According to the World Bank, the COVID-19 pandemic will push up to 150 mio people into extreme poverty by 2021, hitting middle-income countries the hardest and reversing gains made in reducing poverty levels over the last two decades.
Maxim Chirkov, Associate Professor at the political economy department of Lomonosov Moscow State University, is certain such forecasts are well grounded and will apply to Russia.
In his view, the pandemic severely damaged Russia’s economy and the statistics relating to the Russian labor market and the people’s wellbeing is worrying. The problem is much aggravated by the discrepancies between the official figures and the real state of the national economy. Unemployment, for instance, is twice as high as is officially recognized. Lots of employees now work half- or quarter-time with respective earnings cuts, yet they are still officially recognized fully employed.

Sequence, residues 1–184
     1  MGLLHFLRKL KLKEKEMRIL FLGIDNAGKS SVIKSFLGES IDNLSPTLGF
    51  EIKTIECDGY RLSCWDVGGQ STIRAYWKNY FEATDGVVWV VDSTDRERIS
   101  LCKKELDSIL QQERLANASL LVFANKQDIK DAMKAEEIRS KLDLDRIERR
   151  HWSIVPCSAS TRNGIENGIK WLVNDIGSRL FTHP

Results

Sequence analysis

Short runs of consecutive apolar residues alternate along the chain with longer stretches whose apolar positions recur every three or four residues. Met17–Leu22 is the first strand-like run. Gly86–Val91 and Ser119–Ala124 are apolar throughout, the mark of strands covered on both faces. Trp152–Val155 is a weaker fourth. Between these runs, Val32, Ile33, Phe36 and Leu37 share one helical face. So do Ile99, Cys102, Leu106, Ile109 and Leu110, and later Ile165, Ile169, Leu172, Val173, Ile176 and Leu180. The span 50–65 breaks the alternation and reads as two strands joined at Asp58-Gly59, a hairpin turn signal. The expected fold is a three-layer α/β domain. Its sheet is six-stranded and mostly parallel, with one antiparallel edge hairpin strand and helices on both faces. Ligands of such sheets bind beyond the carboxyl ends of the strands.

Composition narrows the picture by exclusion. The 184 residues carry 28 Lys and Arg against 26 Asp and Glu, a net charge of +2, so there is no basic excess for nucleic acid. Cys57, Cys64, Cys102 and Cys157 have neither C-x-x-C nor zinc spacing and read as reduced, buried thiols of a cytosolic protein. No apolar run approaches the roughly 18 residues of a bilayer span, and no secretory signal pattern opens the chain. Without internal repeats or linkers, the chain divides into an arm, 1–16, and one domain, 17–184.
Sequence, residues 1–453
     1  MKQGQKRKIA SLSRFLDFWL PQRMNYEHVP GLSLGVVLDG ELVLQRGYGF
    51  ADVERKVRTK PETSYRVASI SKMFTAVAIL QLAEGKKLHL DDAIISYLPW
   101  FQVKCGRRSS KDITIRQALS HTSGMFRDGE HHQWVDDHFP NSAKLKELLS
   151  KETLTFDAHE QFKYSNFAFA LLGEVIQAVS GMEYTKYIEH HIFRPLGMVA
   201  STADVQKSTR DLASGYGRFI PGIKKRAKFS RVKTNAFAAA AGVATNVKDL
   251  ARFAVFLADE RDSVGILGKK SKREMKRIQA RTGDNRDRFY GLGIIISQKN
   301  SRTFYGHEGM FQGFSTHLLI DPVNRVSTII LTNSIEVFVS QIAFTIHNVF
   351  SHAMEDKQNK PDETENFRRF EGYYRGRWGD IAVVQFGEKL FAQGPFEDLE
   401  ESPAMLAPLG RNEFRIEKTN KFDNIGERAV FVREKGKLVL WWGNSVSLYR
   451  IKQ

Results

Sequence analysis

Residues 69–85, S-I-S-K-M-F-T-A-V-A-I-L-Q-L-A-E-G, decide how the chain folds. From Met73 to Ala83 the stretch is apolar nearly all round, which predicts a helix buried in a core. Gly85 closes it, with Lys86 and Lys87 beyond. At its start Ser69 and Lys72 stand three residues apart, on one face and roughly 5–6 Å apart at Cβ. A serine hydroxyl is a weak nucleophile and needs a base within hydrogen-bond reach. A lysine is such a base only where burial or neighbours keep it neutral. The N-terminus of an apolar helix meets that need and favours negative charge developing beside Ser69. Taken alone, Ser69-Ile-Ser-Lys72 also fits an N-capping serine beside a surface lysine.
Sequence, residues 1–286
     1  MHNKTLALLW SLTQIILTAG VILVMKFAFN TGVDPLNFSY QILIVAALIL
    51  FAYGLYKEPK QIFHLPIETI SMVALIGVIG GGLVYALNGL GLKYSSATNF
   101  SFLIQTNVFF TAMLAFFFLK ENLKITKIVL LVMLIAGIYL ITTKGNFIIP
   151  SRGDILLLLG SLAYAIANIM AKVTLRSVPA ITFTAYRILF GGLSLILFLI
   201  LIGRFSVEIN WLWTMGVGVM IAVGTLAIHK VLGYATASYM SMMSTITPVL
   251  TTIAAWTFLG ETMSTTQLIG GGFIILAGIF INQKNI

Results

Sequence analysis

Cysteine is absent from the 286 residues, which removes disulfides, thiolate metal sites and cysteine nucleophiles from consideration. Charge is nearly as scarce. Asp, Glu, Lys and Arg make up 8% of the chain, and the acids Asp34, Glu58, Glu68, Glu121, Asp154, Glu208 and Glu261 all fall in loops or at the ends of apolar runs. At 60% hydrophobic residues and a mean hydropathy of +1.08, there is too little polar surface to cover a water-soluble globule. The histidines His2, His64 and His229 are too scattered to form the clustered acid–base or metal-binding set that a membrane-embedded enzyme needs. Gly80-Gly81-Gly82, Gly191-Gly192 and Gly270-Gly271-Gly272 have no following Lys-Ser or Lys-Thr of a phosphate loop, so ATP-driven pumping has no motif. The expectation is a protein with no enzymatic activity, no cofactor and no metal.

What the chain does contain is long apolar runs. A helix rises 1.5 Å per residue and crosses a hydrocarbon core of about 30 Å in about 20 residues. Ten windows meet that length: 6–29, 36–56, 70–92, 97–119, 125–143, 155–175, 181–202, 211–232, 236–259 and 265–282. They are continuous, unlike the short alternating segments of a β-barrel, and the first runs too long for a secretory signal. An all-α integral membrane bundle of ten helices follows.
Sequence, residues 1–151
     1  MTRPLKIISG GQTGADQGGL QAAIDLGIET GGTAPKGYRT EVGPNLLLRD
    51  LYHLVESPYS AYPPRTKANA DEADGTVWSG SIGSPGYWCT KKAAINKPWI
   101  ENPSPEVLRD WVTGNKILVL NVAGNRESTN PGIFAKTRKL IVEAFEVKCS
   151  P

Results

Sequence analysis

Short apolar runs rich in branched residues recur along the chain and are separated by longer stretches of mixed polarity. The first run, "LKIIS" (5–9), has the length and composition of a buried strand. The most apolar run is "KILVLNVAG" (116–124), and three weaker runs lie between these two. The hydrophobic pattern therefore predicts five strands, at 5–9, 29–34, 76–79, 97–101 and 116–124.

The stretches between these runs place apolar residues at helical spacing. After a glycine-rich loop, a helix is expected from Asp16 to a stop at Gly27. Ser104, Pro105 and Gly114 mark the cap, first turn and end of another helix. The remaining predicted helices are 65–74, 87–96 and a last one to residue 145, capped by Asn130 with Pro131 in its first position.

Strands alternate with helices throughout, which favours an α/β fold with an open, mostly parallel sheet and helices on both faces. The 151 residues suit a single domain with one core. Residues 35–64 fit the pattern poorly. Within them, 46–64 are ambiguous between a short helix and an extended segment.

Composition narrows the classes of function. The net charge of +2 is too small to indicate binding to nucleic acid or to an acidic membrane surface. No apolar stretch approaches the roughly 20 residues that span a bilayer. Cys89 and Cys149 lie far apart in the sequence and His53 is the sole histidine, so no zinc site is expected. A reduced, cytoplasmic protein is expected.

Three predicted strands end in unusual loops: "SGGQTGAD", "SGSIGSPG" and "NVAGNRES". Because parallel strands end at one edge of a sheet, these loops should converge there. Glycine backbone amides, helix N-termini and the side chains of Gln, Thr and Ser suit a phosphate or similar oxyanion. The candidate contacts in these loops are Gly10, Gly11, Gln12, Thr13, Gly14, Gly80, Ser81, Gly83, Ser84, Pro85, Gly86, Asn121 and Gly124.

As the expert noted, before the pandemic, no extreme poverty — with people living on $2 a day per head — was present in Russia. Due to a dramatic weakening of the national currency over the past few weeks, the extreme poverty is quite likely to appear in the country though.